C: It’s true, there can’t be many surprises left here.
Dark Places (limited)
E: The first in a bevy of August horror releases.
M: Not quite, I don’t think. This is more psychological thriller and whodunnit than straight-out horror, about a woman whose parents were killed, presumably by her deranged brother, when she was eight. Now in her 30’s, a group that tries to get wrongfully imprisoned people freed convinces her to rethink the case, and visit her brother for the first time. After that, it’s hard to tell who is good and bad and who to trust.
C: That’s pretty intriguing as a premise.
M: If that’s not enough to convince you it’s not horror, check out the cast. Charlize Theron as the main character, Nicholas Hoult as the leader of the do-gooders group, Christina Hendricks, Chloe Grace Moretz and Ant-Man’s Corey Stoll as the brother. Oh, and it’s written by Gone Girl author Gillian Flynn.
C: Corey Stoll is dang creepy. This could be very tense and chilling, if well done!
Diary of a Teenage Girl (limited)
C: Picture the kind of small movie about a teenager’s inner life that has whimsical partly-animated sequences and very quirky folk songs playing over the soundtrack. Can you picture it? Diary of a Teenage Girl (awkwardly similar to Anne Frank’s subtitle, in my opinion) is one of those movies.
E: The conceit of this movie is that it’s really a journal — we see everything from the view of Minnie, a boy-crazy teen from the 1970s, incorporating vocal entries onto cassette tape and drawings and fantasies with her real life. Which is all about sex and men and boys, and wondering what those men and boys think about her. And a little bit about her mother, Kristin Wiig, who wonders why she isn’t more obviously boy-crazy.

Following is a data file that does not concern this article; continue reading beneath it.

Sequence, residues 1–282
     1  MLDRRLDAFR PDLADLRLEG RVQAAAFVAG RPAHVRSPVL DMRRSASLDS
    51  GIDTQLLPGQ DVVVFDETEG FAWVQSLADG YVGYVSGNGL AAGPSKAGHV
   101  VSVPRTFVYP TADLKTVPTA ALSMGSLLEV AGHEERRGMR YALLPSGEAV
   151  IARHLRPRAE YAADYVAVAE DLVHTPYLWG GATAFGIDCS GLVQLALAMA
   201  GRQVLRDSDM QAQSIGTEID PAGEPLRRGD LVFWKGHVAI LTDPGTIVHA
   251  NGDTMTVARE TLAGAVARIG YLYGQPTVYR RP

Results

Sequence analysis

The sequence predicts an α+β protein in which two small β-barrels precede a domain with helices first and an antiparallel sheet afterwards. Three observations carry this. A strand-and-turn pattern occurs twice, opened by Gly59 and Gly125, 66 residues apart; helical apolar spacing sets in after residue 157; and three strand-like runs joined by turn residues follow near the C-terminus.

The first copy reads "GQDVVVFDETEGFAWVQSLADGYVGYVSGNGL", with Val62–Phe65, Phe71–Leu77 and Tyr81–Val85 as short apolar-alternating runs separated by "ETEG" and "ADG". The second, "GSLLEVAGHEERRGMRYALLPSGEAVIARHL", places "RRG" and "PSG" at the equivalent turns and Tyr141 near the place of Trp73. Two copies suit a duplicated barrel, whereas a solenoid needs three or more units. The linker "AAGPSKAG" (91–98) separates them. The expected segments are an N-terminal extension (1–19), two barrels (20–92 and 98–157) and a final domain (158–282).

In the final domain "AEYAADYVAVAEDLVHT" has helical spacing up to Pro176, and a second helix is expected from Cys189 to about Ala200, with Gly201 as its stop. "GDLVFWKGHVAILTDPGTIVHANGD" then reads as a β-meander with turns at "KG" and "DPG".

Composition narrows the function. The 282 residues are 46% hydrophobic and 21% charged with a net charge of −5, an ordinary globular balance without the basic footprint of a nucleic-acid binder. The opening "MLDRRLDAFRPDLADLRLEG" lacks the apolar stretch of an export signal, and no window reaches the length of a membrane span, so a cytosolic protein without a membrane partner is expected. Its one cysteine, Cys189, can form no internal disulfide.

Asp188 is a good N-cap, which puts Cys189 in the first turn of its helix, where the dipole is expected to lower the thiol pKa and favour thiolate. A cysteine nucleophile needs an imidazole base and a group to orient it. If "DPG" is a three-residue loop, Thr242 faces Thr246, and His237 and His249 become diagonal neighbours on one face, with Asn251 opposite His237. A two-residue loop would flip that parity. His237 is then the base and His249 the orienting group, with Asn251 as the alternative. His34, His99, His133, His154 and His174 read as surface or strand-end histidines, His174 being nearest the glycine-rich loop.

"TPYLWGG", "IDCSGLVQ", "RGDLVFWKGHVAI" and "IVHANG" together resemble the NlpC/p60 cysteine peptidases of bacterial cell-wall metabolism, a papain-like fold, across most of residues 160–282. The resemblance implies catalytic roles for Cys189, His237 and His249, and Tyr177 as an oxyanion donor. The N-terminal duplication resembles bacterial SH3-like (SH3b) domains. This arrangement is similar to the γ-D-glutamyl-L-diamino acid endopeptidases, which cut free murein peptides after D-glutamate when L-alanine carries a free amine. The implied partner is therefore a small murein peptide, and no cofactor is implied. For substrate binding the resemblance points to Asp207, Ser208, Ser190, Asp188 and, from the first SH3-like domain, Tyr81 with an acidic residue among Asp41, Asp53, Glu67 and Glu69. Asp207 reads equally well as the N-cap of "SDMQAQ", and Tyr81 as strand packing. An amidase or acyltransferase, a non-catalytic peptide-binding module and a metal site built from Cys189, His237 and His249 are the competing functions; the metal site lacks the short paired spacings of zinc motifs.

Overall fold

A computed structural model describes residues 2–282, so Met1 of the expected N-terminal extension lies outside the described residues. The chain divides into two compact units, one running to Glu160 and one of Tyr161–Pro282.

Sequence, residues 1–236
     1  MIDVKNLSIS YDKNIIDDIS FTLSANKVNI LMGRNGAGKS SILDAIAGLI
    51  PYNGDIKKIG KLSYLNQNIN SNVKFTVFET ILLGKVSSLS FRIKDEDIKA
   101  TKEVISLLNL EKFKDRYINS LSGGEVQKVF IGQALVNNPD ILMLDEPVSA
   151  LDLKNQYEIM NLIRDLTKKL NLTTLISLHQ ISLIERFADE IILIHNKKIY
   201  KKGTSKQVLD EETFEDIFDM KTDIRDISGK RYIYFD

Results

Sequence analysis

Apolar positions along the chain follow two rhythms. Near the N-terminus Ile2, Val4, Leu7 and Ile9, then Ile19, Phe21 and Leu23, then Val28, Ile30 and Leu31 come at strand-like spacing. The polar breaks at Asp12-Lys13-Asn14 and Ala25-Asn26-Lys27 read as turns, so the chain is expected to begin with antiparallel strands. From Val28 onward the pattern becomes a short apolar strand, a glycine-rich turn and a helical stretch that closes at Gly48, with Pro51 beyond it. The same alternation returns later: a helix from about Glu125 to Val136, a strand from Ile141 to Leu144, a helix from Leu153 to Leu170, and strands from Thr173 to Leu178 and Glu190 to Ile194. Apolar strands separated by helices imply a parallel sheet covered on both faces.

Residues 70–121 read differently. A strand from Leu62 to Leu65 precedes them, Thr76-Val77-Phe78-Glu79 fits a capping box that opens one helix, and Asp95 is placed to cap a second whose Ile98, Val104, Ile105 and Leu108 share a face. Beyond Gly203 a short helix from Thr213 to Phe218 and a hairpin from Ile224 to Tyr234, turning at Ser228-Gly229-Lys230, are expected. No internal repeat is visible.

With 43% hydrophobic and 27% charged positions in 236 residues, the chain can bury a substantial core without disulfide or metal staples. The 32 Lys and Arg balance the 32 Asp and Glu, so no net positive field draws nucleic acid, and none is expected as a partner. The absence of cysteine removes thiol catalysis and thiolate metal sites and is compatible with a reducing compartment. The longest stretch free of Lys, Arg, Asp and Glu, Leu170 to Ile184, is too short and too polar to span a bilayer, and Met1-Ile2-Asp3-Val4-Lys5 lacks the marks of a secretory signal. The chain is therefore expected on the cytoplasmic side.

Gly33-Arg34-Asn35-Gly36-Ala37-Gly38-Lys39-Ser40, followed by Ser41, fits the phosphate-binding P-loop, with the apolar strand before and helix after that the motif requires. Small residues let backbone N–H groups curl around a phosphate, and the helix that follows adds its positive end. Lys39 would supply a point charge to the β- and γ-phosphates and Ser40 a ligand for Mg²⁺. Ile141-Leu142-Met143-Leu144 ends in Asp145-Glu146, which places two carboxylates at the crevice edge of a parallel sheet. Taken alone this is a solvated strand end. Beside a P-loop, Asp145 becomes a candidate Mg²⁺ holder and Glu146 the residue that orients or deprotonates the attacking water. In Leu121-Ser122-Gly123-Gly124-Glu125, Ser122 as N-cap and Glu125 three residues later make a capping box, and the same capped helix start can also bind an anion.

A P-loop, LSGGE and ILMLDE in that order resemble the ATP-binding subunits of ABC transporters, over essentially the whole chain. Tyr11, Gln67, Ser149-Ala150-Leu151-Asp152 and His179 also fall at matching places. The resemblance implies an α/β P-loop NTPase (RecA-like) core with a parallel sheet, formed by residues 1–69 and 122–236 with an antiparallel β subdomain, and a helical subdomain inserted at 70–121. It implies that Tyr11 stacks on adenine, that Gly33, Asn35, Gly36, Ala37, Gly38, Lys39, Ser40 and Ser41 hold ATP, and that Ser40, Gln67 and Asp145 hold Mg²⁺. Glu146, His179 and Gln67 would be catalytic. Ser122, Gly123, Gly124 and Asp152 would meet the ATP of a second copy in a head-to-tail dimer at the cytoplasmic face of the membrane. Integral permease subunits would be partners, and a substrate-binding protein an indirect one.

M: If that sounds good to you, and the trailer looks good to you, have at it. I’ll pass, and forget about this as soon as we’re done writing this.
The Runner (limited)
E: Nicolas Cage is a Lousiana congressman, see? And he’s speaking truth to power about the BP oil spill when of course he gets taken down by a honey trap by those powerful enemies. Will the good man be kept down through public contempt for his philandering? Or will justice triumph?
M: More importantly, will Nic Cage be able to pull off a Cajun accent for 2 hours?
E: Connie Nielson of Gladiator (and this past season of The Good Wife!) costars as Cage’s steely, Robin Wright-in-House Of Cards-like wife.
C: Just the term “honey trap” alone is enough for me not to see this.
M: There are plenty more reasons.